Pain on Friday nights, Saturdays, and Sundays

My friend Paul Crane took his “slow goodbye”,  just a few years after I left Mobile, Alabama.  That doesn’t mean that I am at all cushioned against feeling very sad about his diagnosis with CTE, nor that the memories I have about him are any less sweet.  He felt the rapid effects of his deterioration after I knew him, but his goodbye proved to be not as slow as one would expect.  And I discovered he was gone. 

His CTE (Chronic traumatic encephalopathy} diagnosis doesn’t help him now,  but the hope is maybe it’ll help those people who come along after him with the size, gift, and desire to play football at the level that he did.    Certainly knowing Paul proved a help to the Ray Perkins’ family as Ray left them behind much in the same way, with the same diagnosis.  For both of them, diagnosis was only exact after their death.   CTE as we have come to realize is an “All American” story which especially touches me because I had grown to love my neighbor Paul my almost every evening dog-walking pal for a  dozen years. 

Paul and I walked dogs together in the darks and and dawns of Mobile Alabama.  We lived in the designated historical district of that old town known as the “Dauphin Neighborhood.”  His home:  a long, low, extended classic in the “creole cottage” style.  Mine: a tall “Sears Roebuck.”  Both featured:  Live Oaks, Spanish moss, warm nights, historical five flag crests on our houses, porches and  columns.   

He had a little white dog which was the opposite of my big black and white one.  When I heard of Paul’s death a few months ago, I wrote to his wife Heikle:  “Of course I miss you.  And of course you miss Paul.  What we share now are memories of dogs, laughter, a neighborhood, and blues.  That story about a big guy walking his dog around the block.”  A walk which had eventually turned into him pushing his dog around in a baby stroller, simply because he knew Oliver would get tired, and he believed the dog would miss going around the block.    So I hold a fond, ironic, memory of his six foot two presence and a little spoiled white scruffy dog. 

Paul was a gentle lug of a fella.  Dipping into his past, he was a University of Alabama football captain, an “All American” his senior year in one of the famed Coach Bear Bryant’s national championship teams.  He later was on the Joe Namath led Jets team  which won the Super Bowl in 1969.   He played for the Jets for all 7 years of his pro-football career.  In Alabama, where football is a religion, Paul was one of its famous sons.  At Tuscaloosa he was regularly trotted out and recognized on significant football Saturdays.  Mobile was home to the Senior Bowl where his play got him drafted as a free agent, and later saw his porch getting visited by a bevy of football greats who would come each spring to scout or comment during that bowl weekend.  Oh, I’ve followed football players my whole life long, but he was the only Super Bowl winner I have known up-close and personally.  An incidental story his bright-eyed wife Hlkle told me during one hurricane season was that she and Paul were coming out of a Home Depot into the parking lot when there were two men struggling to load a generator into their pick up truck. Paul gently said, “here fellas let me help you with that,” and proceeded to pick it up by himself and toss it into their truck.  It was for her a current reminder and long later replay of Paul’s  awesome strength. “He’s still got it”, she said with a smile.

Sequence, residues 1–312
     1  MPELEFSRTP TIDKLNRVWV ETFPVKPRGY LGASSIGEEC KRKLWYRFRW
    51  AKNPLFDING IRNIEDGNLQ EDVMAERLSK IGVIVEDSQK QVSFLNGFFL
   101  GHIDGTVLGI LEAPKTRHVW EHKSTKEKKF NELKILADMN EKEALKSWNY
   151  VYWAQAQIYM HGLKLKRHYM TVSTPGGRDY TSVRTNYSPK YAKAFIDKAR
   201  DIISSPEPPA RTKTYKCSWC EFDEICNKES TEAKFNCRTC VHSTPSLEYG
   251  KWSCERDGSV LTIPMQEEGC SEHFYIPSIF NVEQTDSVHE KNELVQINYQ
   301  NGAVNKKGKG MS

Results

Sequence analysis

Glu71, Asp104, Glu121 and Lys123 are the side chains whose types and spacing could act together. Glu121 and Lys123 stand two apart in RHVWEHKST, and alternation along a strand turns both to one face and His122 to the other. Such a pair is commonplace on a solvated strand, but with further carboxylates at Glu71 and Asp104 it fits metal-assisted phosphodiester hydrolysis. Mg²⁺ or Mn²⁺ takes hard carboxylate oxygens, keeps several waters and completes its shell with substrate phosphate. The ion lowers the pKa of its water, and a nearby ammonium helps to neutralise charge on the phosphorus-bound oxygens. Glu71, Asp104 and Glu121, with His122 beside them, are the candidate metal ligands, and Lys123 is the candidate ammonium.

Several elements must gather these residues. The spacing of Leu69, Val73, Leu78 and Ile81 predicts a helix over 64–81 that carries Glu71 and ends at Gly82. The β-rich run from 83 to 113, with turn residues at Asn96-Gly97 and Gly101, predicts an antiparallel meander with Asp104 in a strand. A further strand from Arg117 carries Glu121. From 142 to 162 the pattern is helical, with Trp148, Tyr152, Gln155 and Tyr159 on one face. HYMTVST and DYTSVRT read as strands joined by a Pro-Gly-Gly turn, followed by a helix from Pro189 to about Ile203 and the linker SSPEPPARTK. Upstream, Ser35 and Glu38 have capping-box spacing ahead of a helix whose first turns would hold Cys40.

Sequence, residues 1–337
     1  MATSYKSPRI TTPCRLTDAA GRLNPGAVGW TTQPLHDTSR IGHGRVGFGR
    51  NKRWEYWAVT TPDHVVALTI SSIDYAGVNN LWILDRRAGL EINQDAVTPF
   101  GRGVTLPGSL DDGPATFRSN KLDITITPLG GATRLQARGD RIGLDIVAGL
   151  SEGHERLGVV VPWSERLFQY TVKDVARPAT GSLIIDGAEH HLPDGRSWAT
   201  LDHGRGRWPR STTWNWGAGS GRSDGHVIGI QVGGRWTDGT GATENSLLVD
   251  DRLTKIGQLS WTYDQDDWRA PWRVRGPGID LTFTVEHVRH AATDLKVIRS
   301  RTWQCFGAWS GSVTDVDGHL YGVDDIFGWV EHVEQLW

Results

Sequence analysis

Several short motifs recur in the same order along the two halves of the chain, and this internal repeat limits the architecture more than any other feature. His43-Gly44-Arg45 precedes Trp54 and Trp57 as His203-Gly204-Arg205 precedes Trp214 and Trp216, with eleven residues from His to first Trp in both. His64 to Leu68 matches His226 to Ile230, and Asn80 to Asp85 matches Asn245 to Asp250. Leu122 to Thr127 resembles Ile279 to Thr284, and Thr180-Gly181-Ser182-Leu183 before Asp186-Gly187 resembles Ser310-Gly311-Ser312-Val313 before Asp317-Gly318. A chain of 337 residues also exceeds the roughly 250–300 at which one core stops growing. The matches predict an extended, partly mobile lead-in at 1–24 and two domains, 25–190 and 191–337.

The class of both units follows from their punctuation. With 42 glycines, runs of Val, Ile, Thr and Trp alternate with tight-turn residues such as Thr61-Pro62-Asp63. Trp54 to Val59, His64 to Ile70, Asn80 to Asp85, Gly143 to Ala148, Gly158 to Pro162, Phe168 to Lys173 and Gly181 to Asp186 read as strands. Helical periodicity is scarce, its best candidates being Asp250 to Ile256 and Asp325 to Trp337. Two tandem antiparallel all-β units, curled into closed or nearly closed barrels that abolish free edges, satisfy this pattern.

To turn to the time we shared together, certainly we didn’t have backgrounds or politics in common.  I a classic university theatre professor; he a classic ex-jock.    We did eventually discover we were the same age and were each of us stereotypes in our own chosen ways.    Now Paul had the look of a professional athlete who’d been “ridden hard and put away wet.”  That is to say he limped a little, and mostly walked slow because he’d earned the right to do so.  Of course we also had our current dogs, and they were more than enough to see us through.  People who walk dogs recognize each other at a distance, or maybe their dogs do. We never arranged to walk at a specific times, though we often did.   I would easily recognize the tall silhouette of Paul, and we’d meet half-way down our block to walk together as if by agreement. Remember please, as do I years later, how the primary note about him is that he was filled with laughter, and warm greetings. How gentle an ex-linebacker he proved to be.  “Hey, Professor!”  He had one of those swell, slow, educated, Alabama accents, which grow on you.  Not a working class vocabulary or thick accent, but one of the gentle honeyed ones. He would acknowledge every once in a while that I was Yankee, but he also didn’t really care.  After all he played for the JETS.